Balancing Tradition and Innovation
Since at least the early Egyptian era, countless records remain in many cultures describing the special garments worn by the bride and groom. To the Anglo-Saxons in the fourth century, “the groom’s pledge to pay the bride’s father a fee was known as wedd." (Conde Nast editor Maria McBride-Mellinger) Philippe de Montebello, Director of the Metropolitan Museum of Art, describes the “study of costumes as art-historical documents illustrating important aesthetic ideas and theories...." Certainly the garments worn for a wedding are some of the most symbolic and often the most carefully preserved afterward by the wearers and their families.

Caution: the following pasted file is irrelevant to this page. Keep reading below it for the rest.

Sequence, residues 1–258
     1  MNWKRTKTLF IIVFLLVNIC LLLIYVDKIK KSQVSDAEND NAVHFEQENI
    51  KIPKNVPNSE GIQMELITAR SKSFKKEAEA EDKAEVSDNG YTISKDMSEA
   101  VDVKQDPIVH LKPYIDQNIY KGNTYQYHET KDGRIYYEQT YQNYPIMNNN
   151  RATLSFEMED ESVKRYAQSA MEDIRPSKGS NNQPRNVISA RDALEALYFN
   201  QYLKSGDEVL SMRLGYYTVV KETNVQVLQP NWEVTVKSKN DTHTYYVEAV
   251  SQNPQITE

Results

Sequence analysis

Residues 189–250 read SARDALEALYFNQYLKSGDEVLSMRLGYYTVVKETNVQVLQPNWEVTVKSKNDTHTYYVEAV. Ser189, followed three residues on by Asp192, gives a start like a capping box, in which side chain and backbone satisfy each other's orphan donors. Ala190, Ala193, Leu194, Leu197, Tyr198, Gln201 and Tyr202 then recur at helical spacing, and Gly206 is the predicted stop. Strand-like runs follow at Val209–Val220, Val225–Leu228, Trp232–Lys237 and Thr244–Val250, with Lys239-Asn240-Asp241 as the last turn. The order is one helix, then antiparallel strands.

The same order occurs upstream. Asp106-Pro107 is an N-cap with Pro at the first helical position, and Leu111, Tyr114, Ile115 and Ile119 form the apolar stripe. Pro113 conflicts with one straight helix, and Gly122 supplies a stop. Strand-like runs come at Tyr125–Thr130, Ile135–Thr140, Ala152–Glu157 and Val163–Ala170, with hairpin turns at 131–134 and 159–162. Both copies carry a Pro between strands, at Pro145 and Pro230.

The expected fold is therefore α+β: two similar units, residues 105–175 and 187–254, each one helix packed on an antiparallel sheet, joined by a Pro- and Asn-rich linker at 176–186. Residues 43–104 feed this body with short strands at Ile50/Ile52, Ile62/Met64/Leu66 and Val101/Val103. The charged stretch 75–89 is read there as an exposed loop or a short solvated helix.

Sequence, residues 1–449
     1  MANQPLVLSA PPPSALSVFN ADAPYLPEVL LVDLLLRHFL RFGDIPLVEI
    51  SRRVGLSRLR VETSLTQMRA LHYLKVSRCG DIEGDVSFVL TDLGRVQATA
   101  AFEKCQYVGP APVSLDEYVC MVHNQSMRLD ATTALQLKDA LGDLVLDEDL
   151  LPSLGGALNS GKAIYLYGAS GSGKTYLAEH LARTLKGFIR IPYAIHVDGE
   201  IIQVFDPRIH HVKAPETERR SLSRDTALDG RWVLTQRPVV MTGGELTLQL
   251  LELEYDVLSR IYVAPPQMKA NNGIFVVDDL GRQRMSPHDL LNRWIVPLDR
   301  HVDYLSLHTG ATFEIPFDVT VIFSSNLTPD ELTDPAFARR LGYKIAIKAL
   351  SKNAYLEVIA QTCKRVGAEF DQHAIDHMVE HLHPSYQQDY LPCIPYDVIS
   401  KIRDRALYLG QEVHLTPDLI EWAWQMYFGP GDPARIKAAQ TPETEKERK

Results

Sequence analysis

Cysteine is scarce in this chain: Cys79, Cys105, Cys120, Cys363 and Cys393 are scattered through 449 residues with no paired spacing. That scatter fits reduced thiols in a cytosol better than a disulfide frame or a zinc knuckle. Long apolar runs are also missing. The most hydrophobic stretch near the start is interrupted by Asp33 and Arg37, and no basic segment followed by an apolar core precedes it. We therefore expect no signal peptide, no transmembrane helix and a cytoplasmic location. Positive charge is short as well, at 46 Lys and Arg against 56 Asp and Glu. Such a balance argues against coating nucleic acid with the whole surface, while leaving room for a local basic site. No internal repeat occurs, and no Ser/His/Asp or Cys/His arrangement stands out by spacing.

In addition to the white wedding gown, which had been worn by brides earlier, but was popularized by the distribution of pictures of the dress worn by Queen Victoria for her 1840 wedding, orange blossom wreaths and orange blossoms in a bouquet or trimming the dress itself became a traditional part of the wedding ensemble. Although earlier records describe the wearing of orange blossoms (by the bride of President John Adam’s son for example), this custom too was popularized by Queen Victoria’s use of “this Mediterranean symbol of fertility”. Since, however, the flowers are very delicate and short-lived, wax copies soon became popular, enabling the same orange blossoms to be used by siblings and even later generations.
- Holly Hummel (Vassar Drama Department faculty emerita)